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Are Funeral Directors "Wired" To Lose In the "New Normal"? Part 1

Guess article by: Alan Creedy

DeathCare has been losing ground relative to consumers for almost 30 years. Now comes research that may explain why and what to do about it.

To many observers (myself among them) what we sell seems well on the road to becoming a commodity. As a means of moving market share, differentiation based on price seems more effective and faster than differentiation on quality of service. This downward spiral threatens all of us as the loss of margin also leads to loss of value. The industry reaction to this phenomenon is to overserve customers; but it doesn’t appear this strategy is experiencing widespread success. At least as far as moving market share or average sale.

I recently was exposed to some non-industry research that I feel might explain the challenge we are failing to adequately address. It’s conclusions made me wonder if we aren’t wired by our predispositions as caregivers to respond ineffectively to the challenges we are facing.

What Changed?: Funerals are no longer simple

There is little doubt that the funeral and cemetery businesses have become more complex in the last 30 years. This is true in many ways but none more so than the complexity of our product. For the most part the days of simply choosing a casket are gone. We have entered the era of “The Complex Sale”. I believe it is this single issue that could produce the leverage point we need to begin turning the downward spiral around. The term complex sale is usually used in the context of B2B selling, but i think it is an appropriate application here as complex sales are defined as follows:

  • they are expensive
  • they have a technical component
  • they involve multiple roles from both seller and buyer sides
  • they require that you build and sell value
  • they include “why buy at all?”, as opposed to “why buy from me?”
  • they involve buyer side resistance
  • They often involve multiple decision makers and a consensus approach

    Why we fail:

    For, literally, generations it has been believed that the best performing sales people were relationship builders. It is likely that this was true when products and services were simple. But in the 1970?s many industries discovered that sales was increasingly more complex. Investments were made in research and, subsequently, retraining entire sales forces to “Master the Complex Sale.” Successful Funeral Directors are consummate relationship builders. In fact, I believe DeathCare in general is a “relationship industry.” Personally, I love that about it.

    But, recent research by the Sales Executive Council across 6,000 sales reps in every major industry uncovered a surprising fact about how personality traits influence effectiveness in a complex selling environment. They found that personality types tended to cluster into 5 different types. Among these are Relationship Builders and Challengers. More interesting yet was the discovery that, in a complex environment, Relationship Builders and Challengers are at opposite ends of a continuum. Relationship Builders represent only 4% of high performers while Challengers accounted for 54%.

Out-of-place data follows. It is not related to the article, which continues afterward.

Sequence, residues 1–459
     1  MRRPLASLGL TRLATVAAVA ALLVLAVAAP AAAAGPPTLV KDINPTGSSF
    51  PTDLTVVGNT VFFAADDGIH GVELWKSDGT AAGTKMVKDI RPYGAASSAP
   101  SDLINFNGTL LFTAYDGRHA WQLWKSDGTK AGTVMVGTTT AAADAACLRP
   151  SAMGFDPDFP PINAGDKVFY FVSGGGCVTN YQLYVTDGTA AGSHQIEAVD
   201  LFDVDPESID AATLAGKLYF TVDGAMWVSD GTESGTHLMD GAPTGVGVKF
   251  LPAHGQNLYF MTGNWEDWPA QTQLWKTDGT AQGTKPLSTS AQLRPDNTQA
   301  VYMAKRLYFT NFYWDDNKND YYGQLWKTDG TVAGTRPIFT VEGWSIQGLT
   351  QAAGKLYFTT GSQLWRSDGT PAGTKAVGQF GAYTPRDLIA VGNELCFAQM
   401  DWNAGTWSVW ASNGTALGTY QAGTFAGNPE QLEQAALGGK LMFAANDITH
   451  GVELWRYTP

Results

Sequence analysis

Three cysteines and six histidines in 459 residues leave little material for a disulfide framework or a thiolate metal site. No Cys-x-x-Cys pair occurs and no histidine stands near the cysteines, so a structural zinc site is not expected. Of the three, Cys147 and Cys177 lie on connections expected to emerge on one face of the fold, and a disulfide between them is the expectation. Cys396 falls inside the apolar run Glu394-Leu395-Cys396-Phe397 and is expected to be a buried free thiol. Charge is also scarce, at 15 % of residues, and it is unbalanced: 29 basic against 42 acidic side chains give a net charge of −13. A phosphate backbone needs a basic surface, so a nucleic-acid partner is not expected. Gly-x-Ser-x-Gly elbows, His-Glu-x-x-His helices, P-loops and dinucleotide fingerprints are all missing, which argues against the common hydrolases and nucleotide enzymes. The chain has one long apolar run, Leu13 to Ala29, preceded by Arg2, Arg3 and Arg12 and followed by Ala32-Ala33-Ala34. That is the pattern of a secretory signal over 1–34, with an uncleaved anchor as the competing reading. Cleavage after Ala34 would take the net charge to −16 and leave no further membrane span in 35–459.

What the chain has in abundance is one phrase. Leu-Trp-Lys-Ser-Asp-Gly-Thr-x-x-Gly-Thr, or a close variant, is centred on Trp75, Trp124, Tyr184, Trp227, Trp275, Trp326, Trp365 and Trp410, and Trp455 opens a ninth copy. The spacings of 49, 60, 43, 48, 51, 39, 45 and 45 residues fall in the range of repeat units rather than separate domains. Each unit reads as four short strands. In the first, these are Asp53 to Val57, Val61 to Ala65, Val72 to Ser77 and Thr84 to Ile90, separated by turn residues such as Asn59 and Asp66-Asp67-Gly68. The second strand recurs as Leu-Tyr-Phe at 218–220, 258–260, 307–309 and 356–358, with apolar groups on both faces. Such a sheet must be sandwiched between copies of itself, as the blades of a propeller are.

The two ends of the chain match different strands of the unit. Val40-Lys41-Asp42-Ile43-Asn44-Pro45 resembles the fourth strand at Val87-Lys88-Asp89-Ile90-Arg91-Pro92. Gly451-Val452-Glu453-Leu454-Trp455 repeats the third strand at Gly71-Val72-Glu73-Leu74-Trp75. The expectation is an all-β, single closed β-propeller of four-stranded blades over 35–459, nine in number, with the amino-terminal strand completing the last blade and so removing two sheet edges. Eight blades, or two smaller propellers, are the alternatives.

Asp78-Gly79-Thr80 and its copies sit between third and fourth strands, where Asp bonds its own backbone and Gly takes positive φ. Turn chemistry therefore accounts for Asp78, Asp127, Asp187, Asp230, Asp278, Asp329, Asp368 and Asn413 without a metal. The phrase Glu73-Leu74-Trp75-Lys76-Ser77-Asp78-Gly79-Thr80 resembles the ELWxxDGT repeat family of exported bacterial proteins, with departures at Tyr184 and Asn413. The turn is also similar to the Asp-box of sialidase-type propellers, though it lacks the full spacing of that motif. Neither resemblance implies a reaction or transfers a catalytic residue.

It is easy to confuse the word challenger with a confrontative personality and while there is an element of that, Challengers are no jerks.

    Relationship Builder Challenger

    Gets along with others Teaches

    Is likable Tailors

    Generous with time Asserts control

    In other words Relationship Builders are accommodating and judge their effectiveness by how much they are liked and appreciated. Challengers adopt a teaching and tailoring style to guide the customer to the best solution.

    The Good News:

    Challenger skills can be taught. More to the point they fit better with the new role I have been preaching that funeral directors need to adopt:

    Expert

    An expert teaches. Challengers teach for differentiation. An expert tailors their solution for each client so that their proposal will resonate. Finally, they take control of the process because they know so much about their area of expertise they believe they can help the client make a better decision.

    The most common metaphor used for the process of mastering the complex sale is that of a physician. A physician doesn’t give you an array of all he offers for treatment and let you decide. If he did we might pick an antibiotic to treat cancer so we could avoid the pain of the real solution. Instead, he carefully explores the patient’s entire history and symptoms and even tests before he makes a recommendation.

    In the coming weeks I will get more specific on how you can learn how to be a challenger and stop overserving and start helping your clients.

    P.S. Many funeral directors believe they don’t sell. Hogwash! Everyone sells every day! It is the passive selling system that so perfectly fits our relationship builder’s hearts that we cling to with our deathgrip that is preventing us from building what has been for millenia a valuable and meaningful contribution to society.

    You can read more articles by Alan Creedy at his website: AlanCreedy.org. Warning: You will be asked to login to read the article on Alan’s site. It is free to register, once you complete the simple registration you will be granted access to the article.

    Alan Creedy

    In addition to the weekly Creedy Commentary, I frequently contribute to industry trade journals and speak at trade conventions.Among my affiliations outside the DeathCare industry are The Center For Creative Leadership, The Performance Institute and Human Synergistics.
    I believe in giving back and so was recently honored to serve as Chairman of the Funeral Service Foundation.

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